Krim, Trustees' Former Leader, Is Dead at 84

Photograph: Arthur B. Krim.

Arthur B. Krim, the noted motion picture executive and lawyer who was adviser to three U.S. Presidents and chairman emeritus of the Trustees of Columbia, died Sept. 21 at his home in Manhattan. He was 84.

Krim was a 1930 graduate of Columbia College, where he was elected to Phi Beta Kappa, and a 1932 graduate of Columbia Law School, where he was editor in chief of Columbia Law Review. He was elected a Columbia Trustee in 1967 and became Trustees chairman in 1977, serving in that capacity until 1982, when he reached the mandatory retirement age of 72.

"No man has done more than he to lead the University to this new and promising epoch in the history of our University," said a resolution of the Trustees upon his retirement, which praised his "unselfish interest, brilliant intellect, forceful resolve and dynamic leadership."

Krim received Columbia College's highest award, the Alexander Hamilton Medal, in 1976, and an honorary doctorate from the University in 1982.

After graduating from law school, Krim joined Phillips, Nizer, Benjamin, Krim & Ballon, serving as partner from 1935 to 1978, when he became of counsel to the firm.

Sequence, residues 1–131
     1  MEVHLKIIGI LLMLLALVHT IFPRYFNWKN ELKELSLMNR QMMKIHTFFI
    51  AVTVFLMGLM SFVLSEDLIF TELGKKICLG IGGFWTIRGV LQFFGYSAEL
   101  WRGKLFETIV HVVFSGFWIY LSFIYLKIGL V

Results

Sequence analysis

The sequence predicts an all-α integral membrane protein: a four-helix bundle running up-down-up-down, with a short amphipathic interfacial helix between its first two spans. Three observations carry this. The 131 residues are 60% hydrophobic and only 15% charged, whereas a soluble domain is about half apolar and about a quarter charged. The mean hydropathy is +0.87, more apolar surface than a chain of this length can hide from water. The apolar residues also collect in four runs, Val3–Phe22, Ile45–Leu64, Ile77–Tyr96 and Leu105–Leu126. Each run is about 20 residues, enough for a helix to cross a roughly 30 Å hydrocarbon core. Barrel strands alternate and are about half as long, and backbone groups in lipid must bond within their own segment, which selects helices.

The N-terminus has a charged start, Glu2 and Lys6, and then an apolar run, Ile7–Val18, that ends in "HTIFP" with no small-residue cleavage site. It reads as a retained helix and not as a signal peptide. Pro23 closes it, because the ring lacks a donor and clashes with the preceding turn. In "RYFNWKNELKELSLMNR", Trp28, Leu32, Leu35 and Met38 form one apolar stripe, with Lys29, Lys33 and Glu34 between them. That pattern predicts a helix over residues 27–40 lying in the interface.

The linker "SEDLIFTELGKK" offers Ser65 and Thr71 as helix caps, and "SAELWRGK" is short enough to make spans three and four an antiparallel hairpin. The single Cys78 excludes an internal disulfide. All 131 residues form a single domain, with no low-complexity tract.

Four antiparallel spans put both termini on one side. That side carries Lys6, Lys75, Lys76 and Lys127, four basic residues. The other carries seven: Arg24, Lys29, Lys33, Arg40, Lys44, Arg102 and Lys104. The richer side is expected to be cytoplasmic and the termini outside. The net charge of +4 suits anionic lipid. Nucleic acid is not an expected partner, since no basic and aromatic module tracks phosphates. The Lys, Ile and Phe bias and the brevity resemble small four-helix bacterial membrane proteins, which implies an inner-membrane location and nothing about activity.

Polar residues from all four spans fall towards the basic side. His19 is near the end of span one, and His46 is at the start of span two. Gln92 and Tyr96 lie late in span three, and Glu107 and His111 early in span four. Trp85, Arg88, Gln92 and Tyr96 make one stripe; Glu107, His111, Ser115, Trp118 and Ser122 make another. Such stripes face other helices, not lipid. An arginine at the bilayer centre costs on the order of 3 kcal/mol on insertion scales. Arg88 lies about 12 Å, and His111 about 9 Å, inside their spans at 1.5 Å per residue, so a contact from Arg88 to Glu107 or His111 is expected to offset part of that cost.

A leader in the field of motion pictures, Krim was president of Eagle Lion Films Inc. from 1946 to 1949 and president of United Artists from 1951 to 1969, and then its chairman until 1978. He was founding chairman of Orion Pictures from 1978 to 1992. Under his creative management, which gave new artistic freedom to film makers, audiences were presented with such Academy Award-winning productions as Marty, West Side Story, Tom Jones, Midnight Cowboy, One Flew Over the Cuckoo's Nest, Rocky and Annie Hall. At the 1975 Academy Awards ceremony he received the Jean Hersholt Humanitarian Award.

Krim was an adviser to Presidents Kennedy, Johnson and Carter in the fields of civil rights, health, higher education, arms control and Africa and Middle East relations. He was devoted to the cause of the American civil rights movement, including equal rights for gay Americans, and a leader in the fight against Apartheid in South Africa, counting among his many friends the late Oliver Tambo, Archbishop Desmond Tutu and President Nelson Mandela.

In recent years, with his wife, Mathilde, a founder and chairman of the board of the American Foundation for AIDS Research (AmFAR), he supported the fight against AIDS.

A leading figure in Democratic politics, Krim was chairman of the Democratic National Finance Committee (1966-68) and the Democratic Advisory Council of Elected Officials (1973-76). He was a board member of the Weizmann Institute of Science, the African-American Institute and Occidental Petroleum Corp. at his death and had served on the boards of the U.N. Association, the Lyndon Baines Johnson Foundation, the John F. Kennedy Library Foundation and the Arms Control Association.

Born in New York City Apr. 4, 1910, Krim served in the Army in World War II, rising to the rank of lieutenant colonel. He received medals from both France and Italy.

In addition to Mathilde, his wife of 35 years, he is survived by their daughter, Daphna, of Washington, D.C.


Columbia University Record -- September 30, 1994 -- Vol. 20, No. 4